According to the Centers for Disease Control, anti-depressants have become the most commonly prescribed drugs in the United States. After watching Adam Curtis’ The Trap, it was fascinating to learn where it all began.
I couldn’t help but parallel the segment of the rise of psychiatry movement, which in the late 1980’s and early 1990’s put into place a checklist of symptoms to determine if someone was “mentally ill” with depression or anxiety, with what we see in our country today. By answering the questions on this checklist created by Dr. Robert Spitzer, consumers were able to discover whether or not they were dealing with “abnormal” emotion and functioning in the way humans were meant to function. It was later realized that this guide took only an objective look at these symptoms. The feelings were never contextualized within the consumer’s life, and normal emotions such as sadness, fear and anxiety were easily medicalized.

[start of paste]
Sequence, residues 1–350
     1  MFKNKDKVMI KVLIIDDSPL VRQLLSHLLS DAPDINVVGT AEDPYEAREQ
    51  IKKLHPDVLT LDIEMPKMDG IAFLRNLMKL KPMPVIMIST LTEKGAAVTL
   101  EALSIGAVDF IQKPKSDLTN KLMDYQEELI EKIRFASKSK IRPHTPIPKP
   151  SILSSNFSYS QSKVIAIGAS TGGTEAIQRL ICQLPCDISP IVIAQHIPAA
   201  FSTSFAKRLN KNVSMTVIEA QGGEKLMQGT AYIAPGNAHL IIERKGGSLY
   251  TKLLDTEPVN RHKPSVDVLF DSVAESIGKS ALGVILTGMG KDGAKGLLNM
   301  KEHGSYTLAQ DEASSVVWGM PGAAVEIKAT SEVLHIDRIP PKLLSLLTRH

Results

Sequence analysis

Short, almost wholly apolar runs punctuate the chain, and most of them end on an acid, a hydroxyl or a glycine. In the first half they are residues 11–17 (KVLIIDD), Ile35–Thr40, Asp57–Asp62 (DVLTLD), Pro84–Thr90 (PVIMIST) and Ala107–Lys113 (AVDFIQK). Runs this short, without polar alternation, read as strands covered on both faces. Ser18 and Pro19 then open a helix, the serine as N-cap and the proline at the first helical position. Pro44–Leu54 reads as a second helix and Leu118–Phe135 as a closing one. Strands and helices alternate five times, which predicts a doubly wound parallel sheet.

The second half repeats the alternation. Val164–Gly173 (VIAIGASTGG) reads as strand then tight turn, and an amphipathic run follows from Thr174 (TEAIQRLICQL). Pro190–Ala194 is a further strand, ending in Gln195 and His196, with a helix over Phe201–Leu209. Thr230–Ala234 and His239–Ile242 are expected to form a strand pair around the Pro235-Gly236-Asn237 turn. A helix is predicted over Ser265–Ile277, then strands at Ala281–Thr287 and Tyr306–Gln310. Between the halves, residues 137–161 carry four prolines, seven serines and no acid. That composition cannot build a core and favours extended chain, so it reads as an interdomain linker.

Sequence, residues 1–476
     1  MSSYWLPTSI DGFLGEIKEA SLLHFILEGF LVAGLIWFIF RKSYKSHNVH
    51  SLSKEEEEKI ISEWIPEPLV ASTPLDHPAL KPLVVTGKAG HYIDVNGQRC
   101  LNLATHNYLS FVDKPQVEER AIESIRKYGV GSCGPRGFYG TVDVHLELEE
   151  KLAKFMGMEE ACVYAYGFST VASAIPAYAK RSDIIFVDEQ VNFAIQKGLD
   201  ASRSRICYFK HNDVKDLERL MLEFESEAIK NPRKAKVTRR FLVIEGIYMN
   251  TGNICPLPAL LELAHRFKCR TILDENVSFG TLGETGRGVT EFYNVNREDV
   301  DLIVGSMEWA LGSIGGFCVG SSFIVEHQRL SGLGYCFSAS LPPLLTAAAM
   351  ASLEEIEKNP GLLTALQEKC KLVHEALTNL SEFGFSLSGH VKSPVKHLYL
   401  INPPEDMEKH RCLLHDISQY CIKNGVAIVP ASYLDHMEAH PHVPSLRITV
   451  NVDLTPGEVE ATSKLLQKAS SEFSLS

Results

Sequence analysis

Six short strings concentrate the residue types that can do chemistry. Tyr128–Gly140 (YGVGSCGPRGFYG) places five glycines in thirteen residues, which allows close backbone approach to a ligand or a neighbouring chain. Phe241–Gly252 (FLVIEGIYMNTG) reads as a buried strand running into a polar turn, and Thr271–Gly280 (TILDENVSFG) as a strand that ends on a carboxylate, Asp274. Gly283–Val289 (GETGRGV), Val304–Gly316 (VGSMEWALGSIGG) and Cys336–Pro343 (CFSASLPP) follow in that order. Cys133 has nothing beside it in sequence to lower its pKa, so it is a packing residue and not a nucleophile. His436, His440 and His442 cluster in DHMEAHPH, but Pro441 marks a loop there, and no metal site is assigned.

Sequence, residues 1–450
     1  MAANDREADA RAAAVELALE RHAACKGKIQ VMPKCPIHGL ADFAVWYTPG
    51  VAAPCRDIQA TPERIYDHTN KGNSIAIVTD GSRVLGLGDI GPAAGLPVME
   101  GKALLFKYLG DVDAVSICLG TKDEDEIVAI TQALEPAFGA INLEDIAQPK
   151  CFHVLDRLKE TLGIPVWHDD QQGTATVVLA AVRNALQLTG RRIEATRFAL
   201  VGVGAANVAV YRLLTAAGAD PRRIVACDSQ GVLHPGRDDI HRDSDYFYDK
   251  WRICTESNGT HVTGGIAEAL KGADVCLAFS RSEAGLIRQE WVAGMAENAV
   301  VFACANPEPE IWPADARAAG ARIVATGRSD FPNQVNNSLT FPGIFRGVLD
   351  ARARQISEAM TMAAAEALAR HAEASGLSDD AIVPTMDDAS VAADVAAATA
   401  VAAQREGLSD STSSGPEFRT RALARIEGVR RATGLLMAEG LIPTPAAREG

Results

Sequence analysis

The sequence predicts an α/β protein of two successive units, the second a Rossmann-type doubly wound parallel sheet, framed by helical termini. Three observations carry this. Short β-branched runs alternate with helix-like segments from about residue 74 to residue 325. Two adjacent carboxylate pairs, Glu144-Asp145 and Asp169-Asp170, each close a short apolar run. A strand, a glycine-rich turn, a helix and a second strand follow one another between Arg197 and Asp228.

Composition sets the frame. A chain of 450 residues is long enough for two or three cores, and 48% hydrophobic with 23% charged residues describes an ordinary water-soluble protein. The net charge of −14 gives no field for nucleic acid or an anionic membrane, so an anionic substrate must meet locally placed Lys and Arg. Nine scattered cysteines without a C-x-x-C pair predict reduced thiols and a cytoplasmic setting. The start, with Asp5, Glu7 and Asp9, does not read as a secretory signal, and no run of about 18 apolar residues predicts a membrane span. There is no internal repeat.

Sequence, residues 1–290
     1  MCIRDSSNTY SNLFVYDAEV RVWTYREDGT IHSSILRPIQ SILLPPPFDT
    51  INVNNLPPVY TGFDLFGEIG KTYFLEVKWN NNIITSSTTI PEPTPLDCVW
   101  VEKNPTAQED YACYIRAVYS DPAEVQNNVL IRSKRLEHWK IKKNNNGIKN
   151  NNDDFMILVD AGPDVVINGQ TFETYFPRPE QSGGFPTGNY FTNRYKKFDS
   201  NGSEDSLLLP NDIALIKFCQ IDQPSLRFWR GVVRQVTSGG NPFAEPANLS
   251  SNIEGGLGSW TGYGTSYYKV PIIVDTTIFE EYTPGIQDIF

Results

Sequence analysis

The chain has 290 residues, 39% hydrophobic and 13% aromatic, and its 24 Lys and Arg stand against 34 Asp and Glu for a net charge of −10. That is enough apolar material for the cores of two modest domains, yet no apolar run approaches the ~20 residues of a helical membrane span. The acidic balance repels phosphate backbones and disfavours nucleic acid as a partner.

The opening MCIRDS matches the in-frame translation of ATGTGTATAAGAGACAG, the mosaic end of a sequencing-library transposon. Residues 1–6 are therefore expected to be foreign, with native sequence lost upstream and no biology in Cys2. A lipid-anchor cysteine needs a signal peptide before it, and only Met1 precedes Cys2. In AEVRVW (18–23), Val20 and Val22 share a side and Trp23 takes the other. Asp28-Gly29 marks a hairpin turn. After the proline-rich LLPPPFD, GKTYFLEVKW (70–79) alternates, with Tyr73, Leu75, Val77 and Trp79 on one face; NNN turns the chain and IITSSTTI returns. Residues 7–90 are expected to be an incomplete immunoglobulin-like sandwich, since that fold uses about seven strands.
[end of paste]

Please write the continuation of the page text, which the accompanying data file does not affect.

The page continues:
While the checklist created by Spitzer is no longer in place, I see a similarity between this and the direct-to-consumer advertising of anti-depressants (and many, many other pharmaceuticals) we are now prestened with, often leading to self-diagnosis. Read More